The fourth relates to land assembly, where the hearing-of-necessity process adds many additional months to project timelines and delivers a non-binding decision, with land expropriation often still necessary.

The fifth challenge relates to utility relocation. In the past, the lack of coordination between transit projects and utilities has caused significant delays, leading to substantial increases in costs.

Finally, our colleagues at the Ministry of the Environment, Conservation and Parks are also working on regulatory adjustments to the current environmental assessment process that will offer the flexibility needed to align with the timelines associated with our priority transit projects.

These six key challenges have been the source of significant delays in past transit projects and are precisely the types of setbacks that we can no longer afford. For each of these challenges identified, we’ve put forward solutions that will speed up the process, while still treating people fairly.

Ce projet de loi et les changements réglementaires complémentaires ciblent six défis clés qui ont retardé les grands projets dans le passé.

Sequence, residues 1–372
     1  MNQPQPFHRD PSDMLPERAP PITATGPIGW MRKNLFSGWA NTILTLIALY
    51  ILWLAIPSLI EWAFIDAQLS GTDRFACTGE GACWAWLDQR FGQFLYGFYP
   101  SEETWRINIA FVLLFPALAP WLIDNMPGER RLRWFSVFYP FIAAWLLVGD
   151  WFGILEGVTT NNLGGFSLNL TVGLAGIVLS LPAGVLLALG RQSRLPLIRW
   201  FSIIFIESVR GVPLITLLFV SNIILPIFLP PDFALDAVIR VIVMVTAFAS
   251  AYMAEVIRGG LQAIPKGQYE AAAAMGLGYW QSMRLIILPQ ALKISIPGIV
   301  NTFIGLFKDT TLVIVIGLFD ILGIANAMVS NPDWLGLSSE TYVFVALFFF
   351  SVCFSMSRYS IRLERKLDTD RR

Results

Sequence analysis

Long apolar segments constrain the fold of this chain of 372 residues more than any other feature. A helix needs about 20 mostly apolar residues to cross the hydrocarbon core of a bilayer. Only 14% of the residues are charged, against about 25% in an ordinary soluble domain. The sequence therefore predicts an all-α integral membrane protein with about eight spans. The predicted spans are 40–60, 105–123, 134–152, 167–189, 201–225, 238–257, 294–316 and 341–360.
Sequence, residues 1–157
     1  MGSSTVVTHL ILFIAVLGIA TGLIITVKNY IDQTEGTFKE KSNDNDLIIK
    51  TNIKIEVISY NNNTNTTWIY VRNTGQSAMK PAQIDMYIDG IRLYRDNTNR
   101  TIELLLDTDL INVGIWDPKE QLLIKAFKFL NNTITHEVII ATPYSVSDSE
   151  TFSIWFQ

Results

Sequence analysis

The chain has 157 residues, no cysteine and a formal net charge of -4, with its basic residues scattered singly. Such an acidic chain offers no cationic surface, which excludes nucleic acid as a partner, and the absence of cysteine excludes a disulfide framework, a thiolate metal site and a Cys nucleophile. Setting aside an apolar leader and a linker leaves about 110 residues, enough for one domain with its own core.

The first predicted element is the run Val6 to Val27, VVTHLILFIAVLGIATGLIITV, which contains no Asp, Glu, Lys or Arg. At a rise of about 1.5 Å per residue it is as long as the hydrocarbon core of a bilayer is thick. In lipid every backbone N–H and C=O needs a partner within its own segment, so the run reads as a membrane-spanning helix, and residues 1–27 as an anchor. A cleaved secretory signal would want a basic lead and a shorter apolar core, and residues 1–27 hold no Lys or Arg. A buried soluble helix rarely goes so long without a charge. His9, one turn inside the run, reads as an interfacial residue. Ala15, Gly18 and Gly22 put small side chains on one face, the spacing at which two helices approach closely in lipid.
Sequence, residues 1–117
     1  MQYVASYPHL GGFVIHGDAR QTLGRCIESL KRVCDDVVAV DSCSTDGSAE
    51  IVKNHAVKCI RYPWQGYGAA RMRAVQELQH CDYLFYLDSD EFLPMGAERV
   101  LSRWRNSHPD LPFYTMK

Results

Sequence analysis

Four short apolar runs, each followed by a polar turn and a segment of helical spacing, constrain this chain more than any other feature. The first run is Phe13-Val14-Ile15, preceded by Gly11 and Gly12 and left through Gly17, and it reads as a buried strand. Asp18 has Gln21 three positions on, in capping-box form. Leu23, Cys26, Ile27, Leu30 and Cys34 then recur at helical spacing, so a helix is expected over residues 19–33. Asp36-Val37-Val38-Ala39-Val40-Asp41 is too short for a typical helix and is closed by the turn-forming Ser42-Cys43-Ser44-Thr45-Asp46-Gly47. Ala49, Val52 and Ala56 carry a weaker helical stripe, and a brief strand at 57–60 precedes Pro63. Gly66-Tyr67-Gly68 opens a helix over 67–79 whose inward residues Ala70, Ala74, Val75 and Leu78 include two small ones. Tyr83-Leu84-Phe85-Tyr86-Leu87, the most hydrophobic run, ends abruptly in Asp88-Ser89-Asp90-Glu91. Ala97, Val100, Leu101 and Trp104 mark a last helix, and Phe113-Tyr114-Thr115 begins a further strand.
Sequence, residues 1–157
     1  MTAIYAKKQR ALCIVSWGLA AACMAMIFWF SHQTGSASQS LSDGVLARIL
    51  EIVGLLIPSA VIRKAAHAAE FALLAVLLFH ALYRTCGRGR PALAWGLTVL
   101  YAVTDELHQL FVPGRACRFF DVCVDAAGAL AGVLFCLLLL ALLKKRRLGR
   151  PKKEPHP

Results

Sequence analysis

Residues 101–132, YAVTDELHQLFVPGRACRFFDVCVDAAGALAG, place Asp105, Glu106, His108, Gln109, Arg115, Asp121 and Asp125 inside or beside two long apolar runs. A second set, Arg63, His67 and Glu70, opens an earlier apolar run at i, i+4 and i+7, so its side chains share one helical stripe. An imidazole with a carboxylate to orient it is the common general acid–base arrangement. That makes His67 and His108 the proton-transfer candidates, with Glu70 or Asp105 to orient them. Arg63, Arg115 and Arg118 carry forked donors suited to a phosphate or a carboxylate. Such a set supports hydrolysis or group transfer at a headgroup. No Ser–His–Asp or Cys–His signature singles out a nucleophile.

Le premier défi est lié au manque de connaissance des activités de construction des sites voisins qui interfèrent avec la construction des tunnels et des stations de métro, créant des problèmes de sécurité et des retards.

Le second est la nécessité d’une meilleure coordination pour l’obtention des permis municipaux pour les projets de transports en commun provinciaux.

Le troisième est le processus de négociation de l’autorisation de pénétrer sur les terrains pour y effectuer des analyses du sol ou y enlever des arbres, ce qui, par le passé, a pris des mois, parfois plus longtemps si une expropriation s’avérait nécessaire.